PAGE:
Texas Access to Justice Foundation Awards Baylor Law $67,000 Grant for Veterans Clinic

November 21, 2017

Texas Access to Justice Foundation Awards Baylor Law $67,000 Grant for Veterans Clinic

A Baylor Law Student counsels a veteran on legal matters in an office

WACO, Texas -

The Texas Access to Justice Foundation has awarded Baylor Law with a $67,000 grant for the Veterans Clinic for 2017-2018.

A group of Baylor Law students sits in a court classroom with a veteran
Baylor Law students assist Veterans during a wills clinic held at Baylor Law.

In 2012, Professor Bridget Fuselier founded the Baylor Law Veterans Clinic to serve military veterans and their spouses with their civil legal needs. Now in its fifth year, the Veterans Clinic has provided legal assistance to over 750 veterans in Central Texas. The clinic is a training ground for the Baylor Law students who volunteer at the clinic. Law students working in the clinic acquire hands-on experience in client counseling, estate planning, and litigation. The clinic instills in these students a true passion for pro bono work.

"We are truly grateful to the continued and increased support from the Texas Access to Justice Foundation. Due to the funding in 2015, we were able to hire our first full-time attorney, Josh Borderud, to direct the clinic," said Professor Bridget Fuselier. "Josh's leadership has been instrumental in the continued success and expansion of the clinic. We have also our first legal assistant, Pamela Terrazas, to help Josh with the clinic. She has also proved invaluable in the operations of the clinic."

Since Borderud began work as clinic director in May 2016, students under his supervision have served over 330 veterans, drafted wills for over 65 clients, and represented clients in over ten litigation matters.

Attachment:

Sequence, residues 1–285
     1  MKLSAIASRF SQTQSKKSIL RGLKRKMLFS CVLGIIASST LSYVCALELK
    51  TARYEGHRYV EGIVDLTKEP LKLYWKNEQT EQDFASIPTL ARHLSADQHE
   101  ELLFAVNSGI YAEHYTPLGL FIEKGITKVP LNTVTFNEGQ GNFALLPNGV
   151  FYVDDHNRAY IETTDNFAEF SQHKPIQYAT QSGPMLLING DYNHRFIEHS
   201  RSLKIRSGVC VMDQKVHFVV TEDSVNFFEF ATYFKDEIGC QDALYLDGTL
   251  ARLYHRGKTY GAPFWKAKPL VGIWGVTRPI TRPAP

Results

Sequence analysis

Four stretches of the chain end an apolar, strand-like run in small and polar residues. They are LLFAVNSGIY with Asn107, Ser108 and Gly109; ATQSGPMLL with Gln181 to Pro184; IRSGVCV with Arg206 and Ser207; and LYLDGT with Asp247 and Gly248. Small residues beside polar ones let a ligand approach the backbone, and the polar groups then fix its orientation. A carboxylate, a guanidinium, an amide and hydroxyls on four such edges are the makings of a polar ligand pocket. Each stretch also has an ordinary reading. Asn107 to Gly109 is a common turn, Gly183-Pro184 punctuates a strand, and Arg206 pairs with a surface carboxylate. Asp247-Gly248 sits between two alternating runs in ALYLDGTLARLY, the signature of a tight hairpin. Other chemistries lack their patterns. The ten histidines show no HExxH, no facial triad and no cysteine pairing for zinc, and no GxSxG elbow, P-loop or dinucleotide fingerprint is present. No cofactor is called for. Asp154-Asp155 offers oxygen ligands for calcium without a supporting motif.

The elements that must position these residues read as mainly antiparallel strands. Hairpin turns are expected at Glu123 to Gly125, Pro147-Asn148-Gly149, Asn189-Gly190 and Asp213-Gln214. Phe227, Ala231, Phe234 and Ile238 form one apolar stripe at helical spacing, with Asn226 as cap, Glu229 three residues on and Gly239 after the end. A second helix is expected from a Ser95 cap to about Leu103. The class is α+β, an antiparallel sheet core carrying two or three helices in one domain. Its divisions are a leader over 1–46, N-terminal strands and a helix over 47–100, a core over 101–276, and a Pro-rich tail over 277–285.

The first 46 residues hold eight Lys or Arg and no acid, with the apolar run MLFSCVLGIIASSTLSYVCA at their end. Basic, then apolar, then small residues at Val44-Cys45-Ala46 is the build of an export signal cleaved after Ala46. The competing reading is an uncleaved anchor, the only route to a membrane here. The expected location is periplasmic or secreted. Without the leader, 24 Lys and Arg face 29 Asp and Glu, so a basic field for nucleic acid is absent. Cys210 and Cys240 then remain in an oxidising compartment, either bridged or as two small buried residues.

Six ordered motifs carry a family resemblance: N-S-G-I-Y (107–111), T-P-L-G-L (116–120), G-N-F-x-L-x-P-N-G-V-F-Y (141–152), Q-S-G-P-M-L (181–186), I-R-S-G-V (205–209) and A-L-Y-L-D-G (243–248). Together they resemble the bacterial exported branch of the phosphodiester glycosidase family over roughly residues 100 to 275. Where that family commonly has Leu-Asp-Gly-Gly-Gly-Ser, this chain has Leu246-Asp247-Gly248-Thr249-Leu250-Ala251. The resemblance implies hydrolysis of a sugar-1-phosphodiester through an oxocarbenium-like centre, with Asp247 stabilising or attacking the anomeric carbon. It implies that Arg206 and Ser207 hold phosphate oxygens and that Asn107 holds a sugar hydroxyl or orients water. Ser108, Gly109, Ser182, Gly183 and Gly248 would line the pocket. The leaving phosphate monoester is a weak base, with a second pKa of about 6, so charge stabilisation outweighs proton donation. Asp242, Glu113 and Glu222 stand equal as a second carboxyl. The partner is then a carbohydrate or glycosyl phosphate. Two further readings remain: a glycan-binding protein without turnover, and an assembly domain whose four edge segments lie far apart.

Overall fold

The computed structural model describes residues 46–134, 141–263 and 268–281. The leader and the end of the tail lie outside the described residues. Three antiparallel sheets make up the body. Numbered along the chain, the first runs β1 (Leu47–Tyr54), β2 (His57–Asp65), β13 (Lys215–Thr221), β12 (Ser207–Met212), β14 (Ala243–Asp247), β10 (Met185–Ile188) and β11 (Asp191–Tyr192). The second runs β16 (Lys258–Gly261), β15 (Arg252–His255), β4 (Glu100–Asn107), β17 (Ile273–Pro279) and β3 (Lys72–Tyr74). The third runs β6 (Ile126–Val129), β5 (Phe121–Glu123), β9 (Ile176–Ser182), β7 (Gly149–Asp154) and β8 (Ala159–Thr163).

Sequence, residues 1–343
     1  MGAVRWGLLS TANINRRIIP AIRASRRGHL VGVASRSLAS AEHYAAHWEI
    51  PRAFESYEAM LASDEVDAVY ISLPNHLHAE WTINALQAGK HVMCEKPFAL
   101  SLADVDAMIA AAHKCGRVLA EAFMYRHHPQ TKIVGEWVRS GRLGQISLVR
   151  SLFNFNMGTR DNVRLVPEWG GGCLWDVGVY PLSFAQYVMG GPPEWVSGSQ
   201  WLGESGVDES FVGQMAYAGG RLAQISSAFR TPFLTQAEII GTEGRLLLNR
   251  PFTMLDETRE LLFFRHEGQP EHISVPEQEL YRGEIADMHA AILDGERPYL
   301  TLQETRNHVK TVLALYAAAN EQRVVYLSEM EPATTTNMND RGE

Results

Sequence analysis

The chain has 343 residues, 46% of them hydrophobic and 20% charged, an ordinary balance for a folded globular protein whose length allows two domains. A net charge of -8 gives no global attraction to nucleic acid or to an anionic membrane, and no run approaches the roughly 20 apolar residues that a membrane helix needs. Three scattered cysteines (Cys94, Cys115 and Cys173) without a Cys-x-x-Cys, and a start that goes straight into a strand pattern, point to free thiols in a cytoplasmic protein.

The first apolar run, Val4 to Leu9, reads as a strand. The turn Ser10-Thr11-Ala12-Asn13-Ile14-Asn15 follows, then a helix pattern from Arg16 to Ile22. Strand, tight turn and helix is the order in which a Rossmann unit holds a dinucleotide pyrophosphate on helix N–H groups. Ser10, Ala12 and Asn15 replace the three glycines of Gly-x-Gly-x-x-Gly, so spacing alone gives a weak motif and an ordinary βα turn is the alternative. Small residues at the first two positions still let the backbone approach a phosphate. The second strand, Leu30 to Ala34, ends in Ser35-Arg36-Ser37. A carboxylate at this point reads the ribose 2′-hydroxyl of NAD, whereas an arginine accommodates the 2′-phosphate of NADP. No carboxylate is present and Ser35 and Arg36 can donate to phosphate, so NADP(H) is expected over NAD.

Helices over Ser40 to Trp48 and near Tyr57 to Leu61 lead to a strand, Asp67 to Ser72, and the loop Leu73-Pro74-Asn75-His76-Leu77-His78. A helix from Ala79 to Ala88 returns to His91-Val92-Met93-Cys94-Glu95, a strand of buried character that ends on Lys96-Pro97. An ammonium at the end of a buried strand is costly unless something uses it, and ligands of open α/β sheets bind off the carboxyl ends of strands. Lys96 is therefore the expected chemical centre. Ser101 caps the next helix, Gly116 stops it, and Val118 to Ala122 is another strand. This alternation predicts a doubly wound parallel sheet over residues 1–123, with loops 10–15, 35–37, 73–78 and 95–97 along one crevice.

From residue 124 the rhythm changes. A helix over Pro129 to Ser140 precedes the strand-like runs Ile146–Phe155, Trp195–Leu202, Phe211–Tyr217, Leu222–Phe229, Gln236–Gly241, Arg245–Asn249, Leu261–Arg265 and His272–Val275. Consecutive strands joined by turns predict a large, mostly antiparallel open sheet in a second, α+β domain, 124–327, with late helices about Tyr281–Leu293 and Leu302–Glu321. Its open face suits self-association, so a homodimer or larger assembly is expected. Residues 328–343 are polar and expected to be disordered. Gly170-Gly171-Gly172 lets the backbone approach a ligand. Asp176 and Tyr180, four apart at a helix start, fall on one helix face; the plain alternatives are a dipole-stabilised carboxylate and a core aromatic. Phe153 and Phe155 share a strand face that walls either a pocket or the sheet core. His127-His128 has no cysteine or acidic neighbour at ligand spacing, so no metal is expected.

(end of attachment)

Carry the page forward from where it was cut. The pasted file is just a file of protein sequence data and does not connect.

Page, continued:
Josh Borderud stands with papers in hand and an American Flag backdrop
Josh Borderud, director of Baylor Law's Veterans Clinic, at the Veterans One Stop with Baylor Law Students and volunteer attorneys.

A disabled Iraq War veteran reached out to the Veterans Clinic dealing with his life spiraling out of control in the past year, which was largely related to his service-connected disability. He owed $3,033 in total fines to a local municipal court and could not afford his previous payment arrangement. The clinic represented him in court and presented evidence of his disabilities, income, expenses, and life challenges. The judge reviewed the evidence and forgave the full amount of his fines and court costs, allowing him to leave the courtroom with his debt completely wiped out.

"We believe that it is our duty as lawyers to assist our neighbors in their time of need. With so many of our fellow Americans unable to afford legal services, we believe it is a key part of our mission at Baylor Law School to educate our students about the importance of pro bono work," said Dean Brad Toben.

Since its inception in 1984, the Texas Access to Justice Foundation has awarded over $480 million in grants to help non-profits across the state improve the circumstances for veterans.